A trio of turning points
In the opening story, “A Child’s Heart,” a young boy experiences his first taste of transgression, guilt, and rebellion when he steals some forbidden figs from his father’s dresser drawer. Here Hesse crafts a brilliant piece of psychological realism in which he perfectly captures the emotional turmoil in the child’s mind. It calls to mind incidents from the reader’s own youth when seemingly insignificant events could escalate into causes for gut-wrenching despair and remorse. After so much boyhood sturm und drang, however, the father’s eventual response to his son’s sin feels anticlimactic and the ending seems unsatisfyingly inconclusive.
In the second entry, “Klein and Wagner,” a businessman named Klein embezzles money from his employer and abandons his wife and children, fleeing to Italy. He later admits that the reason he fled was because he had been having fantasies about murdering his family. He even has an obsessive fascination with a killer named Wagner about whom he once read a news item. The first chapter of this story is riveting, but it never lives up to its initial promise. Klein is a fine portrait of an outsider, from an author who specializes in outsiders, but as often happens in Hesse’s books this outsider is rescued by a benevolent lover who seems more fantasy than reality. The novella then morphs into a Jungian study of internal conflict, similar to Demian, with many references to sex and death. It would have been better had Hesse stuck to the less flighty and more realistic tone of the story’s initial scenes.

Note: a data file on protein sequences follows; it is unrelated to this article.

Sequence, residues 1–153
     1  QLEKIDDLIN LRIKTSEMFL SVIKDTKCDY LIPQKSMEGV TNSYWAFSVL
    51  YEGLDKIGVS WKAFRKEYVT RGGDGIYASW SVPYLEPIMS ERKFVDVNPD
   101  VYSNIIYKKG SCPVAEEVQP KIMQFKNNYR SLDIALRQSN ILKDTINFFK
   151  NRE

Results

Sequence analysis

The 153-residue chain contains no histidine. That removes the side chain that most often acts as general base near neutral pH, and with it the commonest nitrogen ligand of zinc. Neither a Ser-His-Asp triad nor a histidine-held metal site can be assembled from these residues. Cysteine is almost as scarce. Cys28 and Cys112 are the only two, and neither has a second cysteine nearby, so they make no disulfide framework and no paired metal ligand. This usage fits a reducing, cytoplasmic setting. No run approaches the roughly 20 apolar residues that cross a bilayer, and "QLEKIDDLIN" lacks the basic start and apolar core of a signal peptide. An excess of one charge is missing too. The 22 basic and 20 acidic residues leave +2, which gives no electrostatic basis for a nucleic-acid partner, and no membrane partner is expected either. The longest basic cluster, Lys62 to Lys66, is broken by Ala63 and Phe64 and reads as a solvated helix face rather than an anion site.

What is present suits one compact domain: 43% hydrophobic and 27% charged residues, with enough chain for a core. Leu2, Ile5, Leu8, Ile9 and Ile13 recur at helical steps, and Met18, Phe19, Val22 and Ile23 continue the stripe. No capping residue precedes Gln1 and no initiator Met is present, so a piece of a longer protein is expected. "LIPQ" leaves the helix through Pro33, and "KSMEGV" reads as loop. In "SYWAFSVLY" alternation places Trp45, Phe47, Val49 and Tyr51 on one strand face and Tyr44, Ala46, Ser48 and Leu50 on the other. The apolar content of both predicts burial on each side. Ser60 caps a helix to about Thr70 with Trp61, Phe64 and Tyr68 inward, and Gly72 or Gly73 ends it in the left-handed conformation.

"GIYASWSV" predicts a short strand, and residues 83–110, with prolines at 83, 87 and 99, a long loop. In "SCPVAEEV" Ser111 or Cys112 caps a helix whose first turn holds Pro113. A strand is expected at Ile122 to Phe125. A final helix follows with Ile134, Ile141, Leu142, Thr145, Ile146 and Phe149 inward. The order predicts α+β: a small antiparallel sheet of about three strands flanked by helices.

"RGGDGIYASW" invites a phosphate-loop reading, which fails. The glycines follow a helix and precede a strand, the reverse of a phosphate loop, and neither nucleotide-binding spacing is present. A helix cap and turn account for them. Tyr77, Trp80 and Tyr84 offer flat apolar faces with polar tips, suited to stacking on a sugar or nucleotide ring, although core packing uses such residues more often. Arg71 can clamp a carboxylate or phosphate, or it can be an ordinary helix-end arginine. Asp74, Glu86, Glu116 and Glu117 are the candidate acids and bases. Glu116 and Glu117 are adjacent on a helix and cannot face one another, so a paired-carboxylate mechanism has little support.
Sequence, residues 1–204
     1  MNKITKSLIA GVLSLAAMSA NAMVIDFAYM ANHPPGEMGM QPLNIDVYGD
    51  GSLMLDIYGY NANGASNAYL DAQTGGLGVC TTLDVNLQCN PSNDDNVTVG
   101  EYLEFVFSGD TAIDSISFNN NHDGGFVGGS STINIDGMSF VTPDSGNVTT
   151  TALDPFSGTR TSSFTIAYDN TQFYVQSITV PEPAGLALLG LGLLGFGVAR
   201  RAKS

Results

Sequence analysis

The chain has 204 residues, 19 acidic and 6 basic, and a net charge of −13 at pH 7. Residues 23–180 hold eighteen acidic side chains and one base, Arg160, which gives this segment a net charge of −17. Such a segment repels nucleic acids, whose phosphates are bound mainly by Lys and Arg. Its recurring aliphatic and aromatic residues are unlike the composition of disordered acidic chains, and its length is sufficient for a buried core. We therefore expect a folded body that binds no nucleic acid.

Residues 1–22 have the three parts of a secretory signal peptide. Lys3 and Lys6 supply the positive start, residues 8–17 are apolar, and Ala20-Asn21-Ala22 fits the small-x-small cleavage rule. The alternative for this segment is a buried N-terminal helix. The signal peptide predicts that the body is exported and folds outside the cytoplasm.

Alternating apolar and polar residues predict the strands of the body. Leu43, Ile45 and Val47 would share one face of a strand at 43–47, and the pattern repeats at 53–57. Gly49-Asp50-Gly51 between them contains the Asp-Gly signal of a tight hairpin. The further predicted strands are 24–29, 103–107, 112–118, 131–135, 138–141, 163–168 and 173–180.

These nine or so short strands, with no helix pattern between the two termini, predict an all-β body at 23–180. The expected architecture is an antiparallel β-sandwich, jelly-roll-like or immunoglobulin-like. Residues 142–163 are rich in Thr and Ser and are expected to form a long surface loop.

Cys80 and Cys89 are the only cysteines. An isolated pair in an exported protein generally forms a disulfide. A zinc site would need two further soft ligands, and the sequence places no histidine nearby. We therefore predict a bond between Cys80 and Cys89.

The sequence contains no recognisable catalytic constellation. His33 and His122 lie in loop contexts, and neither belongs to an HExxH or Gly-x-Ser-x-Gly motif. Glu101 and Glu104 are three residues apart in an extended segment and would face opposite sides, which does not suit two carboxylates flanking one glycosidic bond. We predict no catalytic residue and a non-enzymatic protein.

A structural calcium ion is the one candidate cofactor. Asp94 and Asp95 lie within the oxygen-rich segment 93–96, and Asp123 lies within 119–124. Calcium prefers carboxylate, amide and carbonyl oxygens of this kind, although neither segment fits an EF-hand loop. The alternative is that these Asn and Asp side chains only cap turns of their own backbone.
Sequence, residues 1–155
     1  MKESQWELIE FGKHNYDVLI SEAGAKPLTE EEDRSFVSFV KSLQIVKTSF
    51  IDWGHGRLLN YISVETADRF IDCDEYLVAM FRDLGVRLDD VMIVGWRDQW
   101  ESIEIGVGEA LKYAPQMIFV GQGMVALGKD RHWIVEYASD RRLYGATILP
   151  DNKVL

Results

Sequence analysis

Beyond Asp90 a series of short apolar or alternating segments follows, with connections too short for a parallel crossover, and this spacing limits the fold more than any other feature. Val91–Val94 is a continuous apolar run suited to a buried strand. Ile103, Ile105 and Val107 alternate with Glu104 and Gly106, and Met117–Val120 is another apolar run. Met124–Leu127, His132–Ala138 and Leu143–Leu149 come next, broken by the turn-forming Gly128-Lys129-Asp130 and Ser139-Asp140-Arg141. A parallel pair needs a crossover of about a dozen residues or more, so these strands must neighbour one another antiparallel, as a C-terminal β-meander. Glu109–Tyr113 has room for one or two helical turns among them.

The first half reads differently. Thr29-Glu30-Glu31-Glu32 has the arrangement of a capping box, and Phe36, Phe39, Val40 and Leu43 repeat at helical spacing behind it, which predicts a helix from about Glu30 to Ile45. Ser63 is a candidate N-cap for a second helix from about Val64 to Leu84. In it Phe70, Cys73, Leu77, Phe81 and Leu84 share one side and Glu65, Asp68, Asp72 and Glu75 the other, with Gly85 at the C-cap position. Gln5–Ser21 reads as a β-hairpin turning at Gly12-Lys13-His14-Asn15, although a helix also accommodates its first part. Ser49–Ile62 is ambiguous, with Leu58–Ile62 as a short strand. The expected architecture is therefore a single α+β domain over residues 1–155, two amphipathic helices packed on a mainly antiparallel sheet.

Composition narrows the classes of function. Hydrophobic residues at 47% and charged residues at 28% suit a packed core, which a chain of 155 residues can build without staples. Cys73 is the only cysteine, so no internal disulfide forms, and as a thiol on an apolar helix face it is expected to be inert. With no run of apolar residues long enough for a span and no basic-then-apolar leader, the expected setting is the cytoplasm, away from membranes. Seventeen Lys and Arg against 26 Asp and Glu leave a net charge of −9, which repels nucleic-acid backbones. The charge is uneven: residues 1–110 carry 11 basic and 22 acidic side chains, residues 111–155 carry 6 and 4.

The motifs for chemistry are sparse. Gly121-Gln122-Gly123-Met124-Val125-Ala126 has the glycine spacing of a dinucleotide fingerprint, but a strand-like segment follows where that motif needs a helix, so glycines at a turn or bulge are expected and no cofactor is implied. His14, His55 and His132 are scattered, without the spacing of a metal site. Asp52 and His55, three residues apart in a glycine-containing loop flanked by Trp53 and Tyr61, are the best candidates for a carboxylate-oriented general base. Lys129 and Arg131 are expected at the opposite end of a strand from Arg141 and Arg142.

“Klingsor’s Last Summer” concerns an aging painter. Though only 42, Klingsor somehow knows that his death is imminent, so he sets out to live the remainder of his life to the fullest through wine, women, food, travel, and making art. Over the course of the story his values vacillate between spiritual enlightenment and pleasures of the flesh. The narrative consists primarily of interactions between the artist and his friends, in which they all relentlessly speak in metaphor. Frequent topics include whether one should fear death and whether the making of art is a pointless pursuit. Hesse throws in many references to Eastern philosophy, but there is so much competing imagery it often adds up to a confusing mess. At times, he seems to think the very mention of the word death yields instant profundity. The story contains so many odd nicknames and quirky references it often feels like a private joke that Hesse wrote for a circle of close friends. The result is that “Klingsor’s Last Summer” is the least successful entry in the collection that bears its name.
With the possible exception of “A Child’s Heart,” these three works are satisfactory but nothing remarkable by Hesse standards. Unless you are a diehard fan and Hesse completist, you’d be better off sticking with his novels.
Stories in this collection
A Child’s Heart
Klein and Wagner
Klingsor’s Last Summer
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